(Image Credit: Markus Winkler | Unsplash.com)

Democracy in Name Only 

Reflections on why autocrats hold elections

With the most recent presidential election in Russia  concluding just as I am writing this, Vladimir Putin has officially secured another 6 year term. I can’t help but ask myself ‘Why would a dictator need to hold an election?’ Why would he allow a ‘democratic’ election in order to secure the power that he has already consolidated? I am certainly not the only person to have asked this question; academic scholars have written excellent articles that explain the utility of invoking democratic institutions within authoritarian regimes. 

Asking questions is a useful tool for sociological inquiry, even seemingly simple ones that you think you know the answers to. As a sociologist of law, it’s common for me to ask questions about the public references to legal institutions. I debated what to write for this article, but after reading about the Russian elections I thought it might be interesting to explore my question about what connects autocrats and elections. 

I think many of my fellow UPF members would agree that what happened in Russia was not a free and fair election. But elections are expensive to run, they take time to coordinate, and they can certainly cause more trouble than good for autocrats, right? Well after doing some digging, I see a couple of possible reasons why elections are actually useful for authoritarian regimes. They provide valuable information about dissents, legitimacy, and can suss out internal malaise.

Before we dig deeper into the findings, I should clarify what makes a democracy a democracy. How would you describe a democracy to someone who has never voted? I tend to agree with the democracy scholar Larry Diamond at Stanford that democracies all ought to have four things: A political system for choosing and replacing the government through free and fair elections, The active participation of the people, as citizens, in politics and civic life; Protection of the human rights of all citizens, A rule of law in which the laws and procedures apply equally to all citizens. Elections play a central part in the passing of power from one authorized user to another. So by having elections, authoritarians can consolidate their image of popularity while targeting opposition leaders— but it’s not always that straightforward. 

Elections can also be catalysts for a coup d’etat or widespread protests, which can contribute to authoritarians shutting down social media, deploying security forces, and losing sleep. One of the main reasons why a dictator would still want to hold an election is access to information. By allowing a controlled level of disenchanted civilians to organize and protest around an election, the authorities are able to identify who is doing the organizing, who is protesting, and who is challenging the powers that be. This information serves useful to authoritarian systems as it enables the powers to account for (and crackdown on)  civil discontent and protests. Unilateral, systemic pressure to quash political opposition requires control of state systems which can take dozens of years to establish and consolidate. For newer authoritarian systems, these systems are not as evolved and a semblance of ‘democracy’ can be a useful way to spread control under false pretenses.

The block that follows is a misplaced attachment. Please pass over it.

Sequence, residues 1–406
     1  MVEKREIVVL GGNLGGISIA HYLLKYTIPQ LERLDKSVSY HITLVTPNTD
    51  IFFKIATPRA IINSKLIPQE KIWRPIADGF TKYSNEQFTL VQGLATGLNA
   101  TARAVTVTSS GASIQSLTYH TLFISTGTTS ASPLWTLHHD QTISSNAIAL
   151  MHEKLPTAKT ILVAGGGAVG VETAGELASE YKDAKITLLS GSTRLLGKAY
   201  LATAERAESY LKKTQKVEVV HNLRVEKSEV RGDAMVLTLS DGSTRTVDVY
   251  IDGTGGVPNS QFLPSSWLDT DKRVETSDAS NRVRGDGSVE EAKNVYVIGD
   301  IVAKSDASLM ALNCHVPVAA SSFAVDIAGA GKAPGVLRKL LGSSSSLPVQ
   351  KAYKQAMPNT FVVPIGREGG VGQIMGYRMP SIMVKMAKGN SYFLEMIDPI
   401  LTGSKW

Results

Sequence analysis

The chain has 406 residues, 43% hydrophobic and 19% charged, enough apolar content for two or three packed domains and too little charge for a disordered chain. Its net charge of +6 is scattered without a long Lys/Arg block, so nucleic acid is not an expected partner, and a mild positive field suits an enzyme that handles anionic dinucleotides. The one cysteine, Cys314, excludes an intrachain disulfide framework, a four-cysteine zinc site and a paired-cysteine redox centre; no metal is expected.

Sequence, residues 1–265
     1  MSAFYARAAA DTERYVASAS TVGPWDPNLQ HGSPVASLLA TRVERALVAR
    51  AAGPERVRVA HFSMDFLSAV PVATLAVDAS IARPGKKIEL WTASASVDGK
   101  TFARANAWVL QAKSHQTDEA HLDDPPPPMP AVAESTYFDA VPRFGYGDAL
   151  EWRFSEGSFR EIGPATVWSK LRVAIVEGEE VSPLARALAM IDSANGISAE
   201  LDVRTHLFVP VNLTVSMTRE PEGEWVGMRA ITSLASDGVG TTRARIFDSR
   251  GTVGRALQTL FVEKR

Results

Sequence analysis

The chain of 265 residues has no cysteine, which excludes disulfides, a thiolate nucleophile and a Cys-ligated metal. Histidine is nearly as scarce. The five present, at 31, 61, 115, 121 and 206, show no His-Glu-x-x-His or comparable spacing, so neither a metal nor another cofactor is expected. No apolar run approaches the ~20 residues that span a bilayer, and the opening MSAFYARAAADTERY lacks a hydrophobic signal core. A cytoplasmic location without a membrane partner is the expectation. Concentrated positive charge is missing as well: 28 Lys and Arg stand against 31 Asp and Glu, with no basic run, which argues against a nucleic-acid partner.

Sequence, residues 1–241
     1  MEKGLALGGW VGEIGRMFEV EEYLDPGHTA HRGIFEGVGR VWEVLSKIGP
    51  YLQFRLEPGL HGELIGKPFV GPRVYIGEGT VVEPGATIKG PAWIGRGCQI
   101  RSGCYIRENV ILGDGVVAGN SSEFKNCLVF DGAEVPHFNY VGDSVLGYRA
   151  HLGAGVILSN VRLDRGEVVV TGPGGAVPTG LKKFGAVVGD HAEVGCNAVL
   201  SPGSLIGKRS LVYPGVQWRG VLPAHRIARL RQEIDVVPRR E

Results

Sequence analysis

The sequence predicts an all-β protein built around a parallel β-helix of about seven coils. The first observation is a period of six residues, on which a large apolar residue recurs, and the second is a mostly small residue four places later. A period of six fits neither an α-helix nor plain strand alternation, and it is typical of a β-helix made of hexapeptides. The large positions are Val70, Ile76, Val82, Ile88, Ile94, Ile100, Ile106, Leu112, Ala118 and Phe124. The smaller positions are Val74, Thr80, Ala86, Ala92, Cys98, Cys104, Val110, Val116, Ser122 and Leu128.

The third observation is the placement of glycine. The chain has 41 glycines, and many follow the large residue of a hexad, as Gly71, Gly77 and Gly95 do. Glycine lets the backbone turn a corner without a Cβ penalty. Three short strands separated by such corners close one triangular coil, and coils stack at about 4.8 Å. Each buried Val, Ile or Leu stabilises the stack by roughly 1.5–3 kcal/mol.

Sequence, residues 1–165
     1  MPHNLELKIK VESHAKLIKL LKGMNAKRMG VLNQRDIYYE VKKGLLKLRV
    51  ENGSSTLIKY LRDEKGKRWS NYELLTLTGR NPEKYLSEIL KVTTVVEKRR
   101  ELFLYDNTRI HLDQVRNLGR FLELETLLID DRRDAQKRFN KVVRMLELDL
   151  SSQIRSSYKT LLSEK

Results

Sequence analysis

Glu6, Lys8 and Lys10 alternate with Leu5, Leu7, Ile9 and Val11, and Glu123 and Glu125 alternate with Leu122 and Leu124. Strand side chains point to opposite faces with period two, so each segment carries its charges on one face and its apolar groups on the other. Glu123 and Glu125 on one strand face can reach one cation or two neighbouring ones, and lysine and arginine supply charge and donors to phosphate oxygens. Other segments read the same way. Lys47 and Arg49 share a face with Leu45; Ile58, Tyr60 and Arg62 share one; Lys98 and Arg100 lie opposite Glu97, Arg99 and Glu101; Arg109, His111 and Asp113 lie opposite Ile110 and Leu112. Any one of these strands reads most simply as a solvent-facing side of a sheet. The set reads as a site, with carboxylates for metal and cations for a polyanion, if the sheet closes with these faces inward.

Elections can also be used by authoritarians to measure the status levels of their control on their country. This is again part of the information seeking that leaders seek to partake in. Narratives can be tested, discontent measured, and dissidents identified. Even if elections are undemocratic and will not change who holds power, authorities can nonetheless gain useful insights from insisting on having elections. Not all regimes are created equally either, the less secure a regime the less likely there will be elections. Mixed regimes that combine elements of democracy and autocracy are less stable and frequently have more civil wars than those that are mostly autocratic or democratic— which would partially explain why the autocracies are motivated to become further autocratic.

Protesters gathered in central Moscow in 2011 to express their discontent with recent parliamentary elections, which observers say were tainted by ballot-stuffing and fraud on behalf of Mr. President Vladimir Putin’s party, United Russia. (Image Credit: Voice Of America, Yuli Weeks | Unsplash.com | US Public Domain)

Regimes use elections as bargaining opportunities between opposition and the dictators in power to avoid bloody armed conflicts, allowing information between the regime and opposition to flow without direct contact but rather through political speech events. In addition to gaining valuable information, regimes can also build legitimacy both internally and externally by holding elections. While they are not free and fair, they help to measure the popular acceptance of the leader’s power while in the same action showcasing the power of the leader to meddle in elections. It’s the very act of slanting elections in their favor that demonstrates their power to discombobulate democratic rule of law. 

Authoritarians that use the language of democracy equate their power consolidating projects with political pluralist governments. Regimes can gain and project valuable information, building their legitimacy through ballot boxes even when those votes are neither free nor fair. By holding elections, Putin ultimately weaponizes democracy by identifying dissent and controlling his opposition. We should be wary that authoritarianism will continue to co-opt democratic institutions as long as it serves their dogmatic ends.   

By Freeman Elliott Gunnell, Vice President of UPF Lund

April 2, 2024

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